San Francisco, California
London, United Kingdom
Engineering the Inka Empire: A Symposium on Sustainability and Ancient Technologies
Thursday, November 14, 2013
10:00 am–5:00 pm, Rasmuson Theater
One of civilization’s most impressive engineering achievements, the Inka Road (or Qhapaq ñan, “The Royal Road”) is featured in this gathering of leading scholars of the Inka Empire, which encompassed large territories of present-day Peru, Bolivia, Ecuador, Colombia, Argentina, and Chile. Insightful presentations will focus on the planning, construction, and sustainability of the magnificent Inka roads that five hundred years ago integrated the rugged, mountainous world of the Andes. Presenters include Crayla Alfaro (City of Cusco Architect), Alejandro Beltrán (Universitat Rovira i Virgili), Wayne Clough (Secretary of the Smithsonian Institution), Christine Fiori (Virginia Tech), Ricardo Mar (Universitat Rovira i Virgili), John Ochsendorf (MIT), Clifford Schexnayder (Arizona State University), Gary Urton (Harvard University), Erika Vicente (Pontificia Universidad Católica del Peru), and Kenneth and Ruth Wright (Wright Water Engineers, Inc.). Presented in partnership with the Smithsonian Latino Center.
Live webcast at http://nmai.si.edu/multimedia/webcasts/
When & Where
National Museum of the American Indian (NMAI)
A diverse and multifaceted cultural and educational enterprise, the National Museum of the American Indian (NMAI) is an active and visible component of the Smithsonian Institution, the world's largest museum complex. The NMAI cares for one of the world's most expansive collections of Native artifacts, including objects, photographs, archives, and media covering the entire Western Hemisphere, from the Arctic Circle to Tierra del Fuego.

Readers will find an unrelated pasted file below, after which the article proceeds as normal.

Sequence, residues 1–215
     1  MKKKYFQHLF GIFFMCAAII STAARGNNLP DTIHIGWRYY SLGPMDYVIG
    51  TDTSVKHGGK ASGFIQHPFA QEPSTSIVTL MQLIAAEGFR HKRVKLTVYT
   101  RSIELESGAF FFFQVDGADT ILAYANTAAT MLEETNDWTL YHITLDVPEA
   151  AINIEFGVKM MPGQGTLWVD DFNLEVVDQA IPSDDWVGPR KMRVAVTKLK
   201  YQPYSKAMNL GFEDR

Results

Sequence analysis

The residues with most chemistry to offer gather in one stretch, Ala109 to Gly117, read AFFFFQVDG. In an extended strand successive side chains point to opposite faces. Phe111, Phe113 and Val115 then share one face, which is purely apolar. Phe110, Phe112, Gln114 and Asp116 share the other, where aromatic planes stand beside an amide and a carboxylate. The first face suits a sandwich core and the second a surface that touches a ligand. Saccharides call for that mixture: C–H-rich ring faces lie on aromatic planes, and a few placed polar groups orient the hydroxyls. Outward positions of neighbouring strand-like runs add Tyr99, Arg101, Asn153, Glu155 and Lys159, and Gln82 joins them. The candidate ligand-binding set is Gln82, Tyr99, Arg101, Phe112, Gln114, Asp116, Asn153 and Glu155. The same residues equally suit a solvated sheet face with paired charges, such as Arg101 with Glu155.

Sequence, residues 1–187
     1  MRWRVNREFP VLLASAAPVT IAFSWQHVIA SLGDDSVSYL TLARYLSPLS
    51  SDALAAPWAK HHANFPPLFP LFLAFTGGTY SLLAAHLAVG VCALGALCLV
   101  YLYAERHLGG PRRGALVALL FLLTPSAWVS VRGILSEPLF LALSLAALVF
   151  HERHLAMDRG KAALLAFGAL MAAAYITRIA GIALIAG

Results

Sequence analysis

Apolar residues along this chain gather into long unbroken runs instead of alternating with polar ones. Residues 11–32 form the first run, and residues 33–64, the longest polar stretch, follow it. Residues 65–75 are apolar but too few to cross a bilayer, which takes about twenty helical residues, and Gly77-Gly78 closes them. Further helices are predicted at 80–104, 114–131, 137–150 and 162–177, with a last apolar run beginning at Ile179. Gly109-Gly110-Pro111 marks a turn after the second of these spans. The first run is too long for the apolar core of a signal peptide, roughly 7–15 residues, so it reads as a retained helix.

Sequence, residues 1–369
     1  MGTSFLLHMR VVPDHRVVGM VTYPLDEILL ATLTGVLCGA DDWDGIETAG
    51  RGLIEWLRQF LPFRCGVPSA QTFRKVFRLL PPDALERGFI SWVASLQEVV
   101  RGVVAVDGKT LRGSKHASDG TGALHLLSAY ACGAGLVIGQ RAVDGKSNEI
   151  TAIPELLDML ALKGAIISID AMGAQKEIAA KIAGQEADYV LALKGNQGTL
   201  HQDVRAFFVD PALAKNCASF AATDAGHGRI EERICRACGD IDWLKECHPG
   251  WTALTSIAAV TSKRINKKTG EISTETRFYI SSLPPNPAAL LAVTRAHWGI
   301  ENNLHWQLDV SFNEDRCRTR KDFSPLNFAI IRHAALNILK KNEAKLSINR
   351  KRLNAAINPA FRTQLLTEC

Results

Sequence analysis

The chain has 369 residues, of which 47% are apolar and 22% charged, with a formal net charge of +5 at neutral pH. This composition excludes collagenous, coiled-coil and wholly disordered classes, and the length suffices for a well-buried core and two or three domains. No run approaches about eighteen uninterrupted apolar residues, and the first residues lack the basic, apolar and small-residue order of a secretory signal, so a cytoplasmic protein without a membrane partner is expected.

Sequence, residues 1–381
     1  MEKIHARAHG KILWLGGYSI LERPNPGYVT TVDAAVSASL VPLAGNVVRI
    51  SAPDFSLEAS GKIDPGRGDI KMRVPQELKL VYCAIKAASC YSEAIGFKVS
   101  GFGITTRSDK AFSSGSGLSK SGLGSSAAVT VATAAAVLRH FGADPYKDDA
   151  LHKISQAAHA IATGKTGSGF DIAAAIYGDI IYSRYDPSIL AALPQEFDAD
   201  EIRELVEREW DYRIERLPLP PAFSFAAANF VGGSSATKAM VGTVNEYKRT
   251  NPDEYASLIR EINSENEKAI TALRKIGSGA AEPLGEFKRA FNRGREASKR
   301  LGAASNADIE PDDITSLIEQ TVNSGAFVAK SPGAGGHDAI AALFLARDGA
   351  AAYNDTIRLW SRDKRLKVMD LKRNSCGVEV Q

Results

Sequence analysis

The National Museum of the American Indian operates three facilities. The museum on the National Mall in Washington, D.C., offers exhibition galleries and spaces for performances, lectures and symposia, research, and education. The George Gustav Heye Center (GGHC) in New York City houses exhibitions, research, educational activities, and performing arts programs. The Cultural Resources Center (CRC) in Suitland, Maryland, houses the museum's collections as well as the conservation, repatriation, and digital imaging programs, and research facilities. The NMAI's off-site outreach efforts, often referred to as the "fourth museum," include websites, traveling exhibitions, and community programs.
Since the passage of its enabling legislation in 1989 (amended in 1996), the NMAI has been steadfastly committed to bringing Native voices to what the museum writes and presents, whether on-site at one of the three NMAI venues, through the museum's publications, or via the Internet. The NMAI is also dedicated to acting as a resource for the hemisphere's Native communities and to serving the greater public as an honest and thoughtful conduit to Native cultures—present and past—in all their richness, depth, and diversity.